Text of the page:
Jun 272016
 

raisedbedscrop
Just beginning to garden on an empty piece of land?  Or making over an existing one? It can be confusing if you consult magazines or websites to know where to start since many, even SGA’s, have articles on single topics without an indication of which are more important. Phil Mackie and Gwen Kestrel give us tips on what to focus on right from the start.

They each garden in different climates and with very different plants. They’re co-workers for an online company, but they bonded over shared hobbies, including gardening. They believe that sustainable gardening without the use of pesticides and chemical fertilisers should be the goal of all gardeners.  Although their gardening backgrounds are different, their crops vary, the pests and diseases that threaten their crops vary, they’ve found strategies that are absolutely true for each of them to have the healthiest garden possible.

Phil’s been gardening since he was a boy, but is an off-and-on gardener, depending on the house or apartment he’s renting.  Gwen’s garden could be said to have started in 2001 when she bought her house, she feels like she started really gardening in 2013 when she added her first raised bed for vegetables and started keeping chickens.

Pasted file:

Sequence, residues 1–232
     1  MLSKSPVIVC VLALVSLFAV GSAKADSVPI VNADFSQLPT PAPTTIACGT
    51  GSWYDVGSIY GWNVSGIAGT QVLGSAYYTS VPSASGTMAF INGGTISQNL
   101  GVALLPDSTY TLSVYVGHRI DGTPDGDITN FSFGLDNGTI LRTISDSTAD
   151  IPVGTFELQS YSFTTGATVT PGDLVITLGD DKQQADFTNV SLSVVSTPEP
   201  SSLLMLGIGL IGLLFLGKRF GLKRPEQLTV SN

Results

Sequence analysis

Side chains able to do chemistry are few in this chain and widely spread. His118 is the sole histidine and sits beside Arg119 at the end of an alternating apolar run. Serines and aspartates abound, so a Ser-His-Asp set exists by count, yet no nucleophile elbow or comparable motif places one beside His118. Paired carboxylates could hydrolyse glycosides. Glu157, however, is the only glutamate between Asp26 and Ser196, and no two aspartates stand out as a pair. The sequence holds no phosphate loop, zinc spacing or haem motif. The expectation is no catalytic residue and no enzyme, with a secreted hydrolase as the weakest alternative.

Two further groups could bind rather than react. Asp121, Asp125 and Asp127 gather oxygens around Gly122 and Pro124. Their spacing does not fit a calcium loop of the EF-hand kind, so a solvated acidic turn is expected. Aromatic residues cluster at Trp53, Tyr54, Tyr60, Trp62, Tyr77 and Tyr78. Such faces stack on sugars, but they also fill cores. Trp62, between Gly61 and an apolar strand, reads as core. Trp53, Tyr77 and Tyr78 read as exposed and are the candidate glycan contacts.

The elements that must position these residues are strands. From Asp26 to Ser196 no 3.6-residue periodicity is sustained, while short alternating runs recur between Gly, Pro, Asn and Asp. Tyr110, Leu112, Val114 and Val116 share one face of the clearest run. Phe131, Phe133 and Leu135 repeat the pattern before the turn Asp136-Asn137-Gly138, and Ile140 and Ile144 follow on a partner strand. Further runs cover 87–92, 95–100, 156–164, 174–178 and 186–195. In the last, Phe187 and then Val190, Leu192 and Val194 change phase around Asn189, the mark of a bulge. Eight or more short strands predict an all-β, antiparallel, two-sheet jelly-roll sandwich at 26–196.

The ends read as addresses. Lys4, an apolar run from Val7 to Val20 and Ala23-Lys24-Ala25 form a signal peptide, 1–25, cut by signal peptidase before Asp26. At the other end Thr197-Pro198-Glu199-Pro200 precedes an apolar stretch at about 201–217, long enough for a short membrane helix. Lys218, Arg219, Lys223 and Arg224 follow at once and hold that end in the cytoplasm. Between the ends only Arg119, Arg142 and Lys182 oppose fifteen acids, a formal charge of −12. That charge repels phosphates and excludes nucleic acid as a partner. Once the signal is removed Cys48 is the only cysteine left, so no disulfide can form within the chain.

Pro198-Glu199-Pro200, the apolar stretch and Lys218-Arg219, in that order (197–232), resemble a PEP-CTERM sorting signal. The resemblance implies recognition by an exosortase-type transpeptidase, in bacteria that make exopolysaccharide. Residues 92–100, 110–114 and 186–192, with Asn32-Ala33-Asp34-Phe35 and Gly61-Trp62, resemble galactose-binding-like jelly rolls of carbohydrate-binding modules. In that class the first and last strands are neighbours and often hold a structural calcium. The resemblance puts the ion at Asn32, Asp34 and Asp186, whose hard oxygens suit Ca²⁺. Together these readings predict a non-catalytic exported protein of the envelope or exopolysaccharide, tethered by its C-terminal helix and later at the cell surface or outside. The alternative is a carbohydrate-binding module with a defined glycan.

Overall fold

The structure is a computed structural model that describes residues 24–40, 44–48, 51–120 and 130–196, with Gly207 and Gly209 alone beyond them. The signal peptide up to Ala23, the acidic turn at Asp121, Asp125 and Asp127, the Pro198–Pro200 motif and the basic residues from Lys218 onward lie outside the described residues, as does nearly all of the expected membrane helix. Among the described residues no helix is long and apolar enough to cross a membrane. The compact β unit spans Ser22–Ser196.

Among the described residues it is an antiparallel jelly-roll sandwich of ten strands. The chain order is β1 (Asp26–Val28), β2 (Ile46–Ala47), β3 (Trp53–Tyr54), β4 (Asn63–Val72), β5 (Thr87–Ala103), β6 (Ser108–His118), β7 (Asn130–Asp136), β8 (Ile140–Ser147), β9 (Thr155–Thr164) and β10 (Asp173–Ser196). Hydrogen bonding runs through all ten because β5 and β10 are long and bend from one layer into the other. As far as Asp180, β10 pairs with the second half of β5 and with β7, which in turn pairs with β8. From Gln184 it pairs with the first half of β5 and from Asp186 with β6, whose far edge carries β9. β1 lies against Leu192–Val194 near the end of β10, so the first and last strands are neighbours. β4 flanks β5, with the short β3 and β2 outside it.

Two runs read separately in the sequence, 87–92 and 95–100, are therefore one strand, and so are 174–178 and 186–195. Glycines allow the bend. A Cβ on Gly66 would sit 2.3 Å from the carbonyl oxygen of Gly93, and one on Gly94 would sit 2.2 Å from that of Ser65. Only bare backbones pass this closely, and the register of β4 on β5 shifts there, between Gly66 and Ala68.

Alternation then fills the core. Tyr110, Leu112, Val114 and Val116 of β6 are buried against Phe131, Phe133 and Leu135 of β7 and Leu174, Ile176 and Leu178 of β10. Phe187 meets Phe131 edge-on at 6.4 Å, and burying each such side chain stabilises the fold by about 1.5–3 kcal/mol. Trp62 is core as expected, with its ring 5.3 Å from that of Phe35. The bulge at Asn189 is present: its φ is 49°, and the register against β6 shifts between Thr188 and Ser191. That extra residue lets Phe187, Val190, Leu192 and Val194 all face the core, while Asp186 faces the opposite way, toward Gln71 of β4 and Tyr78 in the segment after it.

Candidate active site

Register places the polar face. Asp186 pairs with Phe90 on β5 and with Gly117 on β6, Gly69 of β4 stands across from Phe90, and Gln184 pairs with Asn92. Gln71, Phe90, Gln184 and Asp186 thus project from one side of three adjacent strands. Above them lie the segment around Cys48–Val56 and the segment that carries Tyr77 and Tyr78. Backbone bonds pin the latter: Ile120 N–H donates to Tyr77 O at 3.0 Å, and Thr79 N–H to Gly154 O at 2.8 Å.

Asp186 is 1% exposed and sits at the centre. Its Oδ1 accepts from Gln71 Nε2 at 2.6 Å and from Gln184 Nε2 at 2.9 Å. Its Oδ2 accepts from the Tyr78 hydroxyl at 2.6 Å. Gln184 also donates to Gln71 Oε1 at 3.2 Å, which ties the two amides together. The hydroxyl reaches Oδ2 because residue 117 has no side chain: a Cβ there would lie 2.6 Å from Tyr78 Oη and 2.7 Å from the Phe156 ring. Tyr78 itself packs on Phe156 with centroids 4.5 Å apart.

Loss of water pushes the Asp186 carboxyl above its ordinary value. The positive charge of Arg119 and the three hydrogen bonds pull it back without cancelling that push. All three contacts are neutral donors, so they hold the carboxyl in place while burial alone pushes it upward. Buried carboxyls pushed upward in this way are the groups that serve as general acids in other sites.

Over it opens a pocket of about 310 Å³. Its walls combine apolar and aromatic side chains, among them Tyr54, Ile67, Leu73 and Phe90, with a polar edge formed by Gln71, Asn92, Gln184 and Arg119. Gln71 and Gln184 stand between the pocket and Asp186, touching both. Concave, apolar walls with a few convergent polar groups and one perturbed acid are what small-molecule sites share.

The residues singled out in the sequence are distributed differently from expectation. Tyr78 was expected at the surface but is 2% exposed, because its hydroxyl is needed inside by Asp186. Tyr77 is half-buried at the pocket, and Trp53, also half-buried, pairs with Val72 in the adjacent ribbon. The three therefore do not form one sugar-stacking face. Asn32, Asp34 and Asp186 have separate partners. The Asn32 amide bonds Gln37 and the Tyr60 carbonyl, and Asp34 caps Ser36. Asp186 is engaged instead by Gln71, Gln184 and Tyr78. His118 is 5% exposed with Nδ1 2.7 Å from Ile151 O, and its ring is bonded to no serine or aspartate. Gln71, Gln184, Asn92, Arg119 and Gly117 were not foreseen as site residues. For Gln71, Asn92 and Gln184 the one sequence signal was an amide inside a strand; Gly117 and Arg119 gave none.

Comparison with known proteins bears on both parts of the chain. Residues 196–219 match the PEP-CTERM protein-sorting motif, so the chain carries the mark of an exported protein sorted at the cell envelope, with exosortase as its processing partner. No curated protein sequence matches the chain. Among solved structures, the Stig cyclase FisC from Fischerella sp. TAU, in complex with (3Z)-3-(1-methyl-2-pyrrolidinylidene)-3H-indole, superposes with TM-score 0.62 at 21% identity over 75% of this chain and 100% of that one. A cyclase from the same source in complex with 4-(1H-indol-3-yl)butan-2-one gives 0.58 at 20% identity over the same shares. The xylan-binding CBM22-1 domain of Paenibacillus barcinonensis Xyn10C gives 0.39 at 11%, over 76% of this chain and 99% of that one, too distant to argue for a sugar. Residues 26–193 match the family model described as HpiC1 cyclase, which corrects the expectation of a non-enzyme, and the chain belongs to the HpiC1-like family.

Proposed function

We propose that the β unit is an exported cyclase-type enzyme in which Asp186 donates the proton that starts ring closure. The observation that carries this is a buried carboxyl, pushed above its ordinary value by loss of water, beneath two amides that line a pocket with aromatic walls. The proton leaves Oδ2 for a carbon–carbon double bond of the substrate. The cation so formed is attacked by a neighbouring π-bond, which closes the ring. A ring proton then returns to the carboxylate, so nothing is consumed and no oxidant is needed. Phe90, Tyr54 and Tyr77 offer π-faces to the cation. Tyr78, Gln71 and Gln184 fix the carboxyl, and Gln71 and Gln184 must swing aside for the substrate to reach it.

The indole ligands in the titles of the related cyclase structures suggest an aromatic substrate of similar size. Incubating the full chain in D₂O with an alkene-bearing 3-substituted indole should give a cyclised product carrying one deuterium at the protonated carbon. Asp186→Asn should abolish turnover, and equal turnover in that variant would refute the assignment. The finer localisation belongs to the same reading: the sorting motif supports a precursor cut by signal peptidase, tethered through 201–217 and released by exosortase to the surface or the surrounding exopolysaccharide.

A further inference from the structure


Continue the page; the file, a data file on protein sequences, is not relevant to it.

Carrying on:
IMG_2639For them, if a problem does arise then the first step is sustainable practices, instead of chemical based procedures because they do not want to poison their soil, produce, and the people consuming them.  For Gwen, it’s also important to have a pet-safe garden for her two indoor/outdoor cats.  They feel that indiscriminate spraying can kill insects that are beneficial and actually can create more problems.

“I don’t want to have other folks judging me, so I try to be patient with whatever other gardeners choose to do.  I’m okay with using dish soap and water for some problems.  Personally, I’d rather lose some plants than use commercial pesticides.” – Gwen

It is widely known that pests target plants that are unhealthy. This means that prevention is the best medicine and not only that, plants that are healthy grow the best tasting and larger crops.

Their tips are:

Aim for Healthy Soil

Having a healthy, diverse micro-organism and earthworm community in the soil means fertility. So avoid quick-resulting nitrogen based chemical fertilisers as they will do damage.

The most important thing you can do for your garden is to add compost and manures to your garden regularly. They offer a great supply of nutrients and also have a diverse array of micro-organisms. To compliment the compost and manures you can also add fish or seaweed based liquid fertilisers, which will give your plants a supply of more  nutrients and will result in fast growth.